Sal: We have always talked about Kanye endlessly, ranking albums and ranking songs. Then we saw an attempt to do a smaller version of the Rosewood Bracket online, and it got us thinking. As we read through it, while we were blown away by the ambition but we thought there was a way of doing it where we showcased a bigger part of his discography and represented a more diverse variety of opinion. So that was got us moving.
Kyle: We also happen to have a lot of friends who love Kanye, so he comes up a lot in conversation. We instantly had like 20 people who could collaborate, people who love Kanye and were also really good writers.


There are some horrible clashes in there. Are you all still friends?
Kyle: There were definitely a couple of occasions where we asked someone to submit an annotation and they couldn’t because it was just too out of line with what they thought. The set up lends itself to disagreement and clashes, and obviously people are going to look at the bracket and concentrate on the upsets because that is the most exciting part. But really this was more about celebrating his body of work.
Sal: Most of our writers often thought it was more important to pay tribute to the “loser” in each clash, as opposed to defending the winner. We love all these songs. Then there were the songs that inevitably had to be left off the bracket entirely - those were painful decisions.

Yeah, where the fuck is “Hell of a Life”?
Kyle: That was the most difficult part - particularly given how we had structured it chronologically. Leaving “School Spirit” off, or “Devil With a New Dress”. Sometimes we hear the feedback and I think “I know, I still don’t know how that happened!”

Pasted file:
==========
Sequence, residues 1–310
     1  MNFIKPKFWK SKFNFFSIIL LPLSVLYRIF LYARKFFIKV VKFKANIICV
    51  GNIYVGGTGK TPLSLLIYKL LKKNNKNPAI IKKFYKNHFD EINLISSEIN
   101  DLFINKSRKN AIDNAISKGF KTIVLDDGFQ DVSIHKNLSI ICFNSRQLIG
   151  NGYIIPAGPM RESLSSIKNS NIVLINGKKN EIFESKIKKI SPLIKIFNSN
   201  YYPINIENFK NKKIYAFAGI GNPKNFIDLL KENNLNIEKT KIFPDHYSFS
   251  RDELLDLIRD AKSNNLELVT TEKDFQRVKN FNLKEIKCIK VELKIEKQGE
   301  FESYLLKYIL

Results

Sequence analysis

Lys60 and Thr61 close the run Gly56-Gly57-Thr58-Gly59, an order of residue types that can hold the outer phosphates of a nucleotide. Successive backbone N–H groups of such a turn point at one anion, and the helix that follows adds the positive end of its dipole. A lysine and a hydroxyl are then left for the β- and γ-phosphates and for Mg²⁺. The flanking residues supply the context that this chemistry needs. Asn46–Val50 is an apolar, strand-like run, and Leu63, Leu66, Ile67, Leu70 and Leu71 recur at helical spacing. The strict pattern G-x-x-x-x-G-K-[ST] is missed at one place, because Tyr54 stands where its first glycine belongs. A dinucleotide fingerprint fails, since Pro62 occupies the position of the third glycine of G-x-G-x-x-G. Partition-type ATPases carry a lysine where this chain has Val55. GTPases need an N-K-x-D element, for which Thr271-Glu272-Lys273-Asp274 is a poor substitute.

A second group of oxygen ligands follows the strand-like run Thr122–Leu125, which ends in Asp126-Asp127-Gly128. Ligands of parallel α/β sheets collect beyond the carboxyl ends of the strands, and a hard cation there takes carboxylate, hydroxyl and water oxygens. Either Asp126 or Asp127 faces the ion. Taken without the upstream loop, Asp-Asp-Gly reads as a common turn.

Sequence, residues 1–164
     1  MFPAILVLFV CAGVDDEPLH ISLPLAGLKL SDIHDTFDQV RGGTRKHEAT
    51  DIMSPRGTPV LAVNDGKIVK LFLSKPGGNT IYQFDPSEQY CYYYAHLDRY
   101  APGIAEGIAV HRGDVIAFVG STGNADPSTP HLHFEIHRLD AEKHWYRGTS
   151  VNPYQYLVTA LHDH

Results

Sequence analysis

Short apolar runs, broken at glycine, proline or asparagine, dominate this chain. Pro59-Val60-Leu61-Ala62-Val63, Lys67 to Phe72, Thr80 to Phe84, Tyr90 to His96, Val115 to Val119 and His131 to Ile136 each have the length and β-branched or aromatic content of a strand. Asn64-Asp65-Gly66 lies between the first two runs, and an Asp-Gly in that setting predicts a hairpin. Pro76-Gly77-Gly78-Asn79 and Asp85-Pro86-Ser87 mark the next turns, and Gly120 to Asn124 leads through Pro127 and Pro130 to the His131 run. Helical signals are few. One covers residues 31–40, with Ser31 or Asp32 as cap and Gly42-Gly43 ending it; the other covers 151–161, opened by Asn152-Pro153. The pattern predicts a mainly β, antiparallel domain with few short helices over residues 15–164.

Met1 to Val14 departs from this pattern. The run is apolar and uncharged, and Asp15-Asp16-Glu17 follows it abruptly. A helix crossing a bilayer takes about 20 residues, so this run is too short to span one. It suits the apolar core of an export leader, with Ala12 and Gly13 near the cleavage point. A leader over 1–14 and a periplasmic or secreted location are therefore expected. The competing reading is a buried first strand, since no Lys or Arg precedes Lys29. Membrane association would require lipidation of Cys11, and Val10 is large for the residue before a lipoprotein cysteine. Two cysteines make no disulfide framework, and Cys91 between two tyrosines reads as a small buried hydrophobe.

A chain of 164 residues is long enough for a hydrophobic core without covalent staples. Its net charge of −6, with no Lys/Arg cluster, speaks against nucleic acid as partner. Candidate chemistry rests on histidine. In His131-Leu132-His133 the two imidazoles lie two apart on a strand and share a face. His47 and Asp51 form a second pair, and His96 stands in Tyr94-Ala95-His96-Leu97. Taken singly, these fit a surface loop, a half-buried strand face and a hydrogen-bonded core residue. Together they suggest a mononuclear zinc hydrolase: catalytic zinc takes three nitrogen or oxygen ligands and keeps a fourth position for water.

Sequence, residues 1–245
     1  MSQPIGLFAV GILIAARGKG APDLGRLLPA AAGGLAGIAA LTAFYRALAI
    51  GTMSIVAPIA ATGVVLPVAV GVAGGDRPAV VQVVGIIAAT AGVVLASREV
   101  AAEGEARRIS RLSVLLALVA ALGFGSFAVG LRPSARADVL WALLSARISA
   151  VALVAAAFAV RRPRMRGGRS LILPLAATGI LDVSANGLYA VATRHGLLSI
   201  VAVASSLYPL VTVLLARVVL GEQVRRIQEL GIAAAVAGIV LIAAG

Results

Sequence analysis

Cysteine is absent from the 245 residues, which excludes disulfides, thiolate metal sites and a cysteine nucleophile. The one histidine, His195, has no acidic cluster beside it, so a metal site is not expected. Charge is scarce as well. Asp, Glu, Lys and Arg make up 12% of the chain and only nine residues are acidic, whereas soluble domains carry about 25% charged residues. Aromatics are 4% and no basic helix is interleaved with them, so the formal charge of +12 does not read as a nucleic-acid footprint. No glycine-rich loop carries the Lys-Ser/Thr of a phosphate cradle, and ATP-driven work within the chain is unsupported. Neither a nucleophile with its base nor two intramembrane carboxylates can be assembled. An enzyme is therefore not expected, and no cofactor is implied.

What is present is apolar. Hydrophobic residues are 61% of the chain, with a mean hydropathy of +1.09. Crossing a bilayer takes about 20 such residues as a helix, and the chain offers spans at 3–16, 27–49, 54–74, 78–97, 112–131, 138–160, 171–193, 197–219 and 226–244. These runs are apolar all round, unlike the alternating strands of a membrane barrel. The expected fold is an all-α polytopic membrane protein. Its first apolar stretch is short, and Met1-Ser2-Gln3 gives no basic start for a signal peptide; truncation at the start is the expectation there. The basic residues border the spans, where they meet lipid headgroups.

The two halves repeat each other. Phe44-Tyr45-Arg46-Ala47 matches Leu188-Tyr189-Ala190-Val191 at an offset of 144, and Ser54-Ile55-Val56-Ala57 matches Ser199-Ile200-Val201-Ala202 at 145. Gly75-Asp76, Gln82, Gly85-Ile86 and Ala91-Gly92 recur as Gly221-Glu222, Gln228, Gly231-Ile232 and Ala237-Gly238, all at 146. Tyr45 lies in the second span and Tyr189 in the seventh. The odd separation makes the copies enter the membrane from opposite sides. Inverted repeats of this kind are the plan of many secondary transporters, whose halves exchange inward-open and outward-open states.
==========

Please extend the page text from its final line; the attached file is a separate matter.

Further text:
While we are disagreeing, I fail to see how “Blame Game” beats “Monster”.
Kyle: Sal’s going to defend this one because he does a good job of it. This one comes up a lot.
Sal: Yeah we had a long discussion about this one. I think that “Blame Game”, in the back canon of vulnerable Kanye songs, “Blame Game” is rare. He sings without auto-tune and you hear a real nakedness in his voice. Also the cultural significance of that outro. I think people forget how big “Yeezy taught me” was. Oh and the problem with Monster, its weakness, is one of the worst Jay Z verses ever.


Goblin, ghoul, a zombie with no conscience?
Kyle: Yeah, we should be trying to forget that.

Okay, what about “Through the Wire” getting bumped out in the first round. That’s pretty out there.
Kyle: We constantly return to “Through the Wire” whenever we have a little existential crisis.

I actually agree with your decision.